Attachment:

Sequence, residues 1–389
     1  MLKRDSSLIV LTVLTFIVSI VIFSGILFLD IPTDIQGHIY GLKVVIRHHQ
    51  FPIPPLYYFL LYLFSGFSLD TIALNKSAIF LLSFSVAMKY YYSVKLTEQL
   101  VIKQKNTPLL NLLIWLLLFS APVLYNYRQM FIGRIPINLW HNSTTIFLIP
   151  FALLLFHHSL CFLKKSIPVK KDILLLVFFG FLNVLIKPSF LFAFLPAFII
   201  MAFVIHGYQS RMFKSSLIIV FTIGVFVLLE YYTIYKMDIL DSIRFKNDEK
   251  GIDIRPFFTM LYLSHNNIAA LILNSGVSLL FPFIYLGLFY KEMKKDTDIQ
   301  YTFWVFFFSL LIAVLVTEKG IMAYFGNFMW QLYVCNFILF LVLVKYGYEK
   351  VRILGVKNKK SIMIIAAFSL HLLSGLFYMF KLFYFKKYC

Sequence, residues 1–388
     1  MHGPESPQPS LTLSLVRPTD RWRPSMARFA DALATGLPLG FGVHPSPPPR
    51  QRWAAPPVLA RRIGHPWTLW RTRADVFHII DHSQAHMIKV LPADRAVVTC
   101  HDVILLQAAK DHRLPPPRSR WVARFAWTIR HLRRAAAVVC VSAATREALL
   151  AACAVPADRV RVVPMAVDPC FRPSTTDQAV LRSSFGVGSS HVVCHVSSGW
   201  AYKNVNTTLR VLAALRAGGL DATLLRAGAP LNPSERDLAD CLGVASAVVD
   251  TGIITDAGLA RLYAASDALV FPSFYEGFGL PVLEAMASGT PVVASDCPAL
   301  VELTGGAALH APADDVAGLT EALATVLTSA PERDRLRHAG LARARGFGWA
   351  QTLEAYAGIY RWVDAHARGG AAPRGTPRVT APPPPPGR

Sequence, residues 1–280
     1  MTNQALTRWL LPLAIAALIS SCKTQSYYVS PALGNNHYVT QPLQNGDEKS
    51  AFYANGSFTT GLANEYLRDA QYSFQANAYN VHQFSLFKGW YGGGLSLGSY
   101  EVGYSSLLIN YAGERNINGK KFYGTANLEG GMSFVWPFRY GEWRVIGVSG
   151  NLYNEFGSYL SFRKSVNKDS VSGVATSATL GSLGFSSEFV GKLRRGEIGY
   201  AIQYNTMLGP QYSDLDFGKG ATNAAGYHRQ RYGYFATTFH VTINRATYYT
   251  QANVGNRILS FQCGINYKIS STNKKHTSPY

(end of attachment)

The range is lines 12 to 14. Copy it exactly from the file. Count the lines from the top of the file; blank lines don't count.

    51  QRWAAPPVLA RRIGHPWTLW RTRADVFHII DHSQAHMIKV LPADRAVVTC
   101  HDVILLQAAK DHRLPPPRSR WVARFAWTIR HLRRAAAVVC VSAATREALL
   151  AACAVPADRV RVVPMAVDPC FRPSTTDQAV LRSSFGVGSS HVVCHVSSGW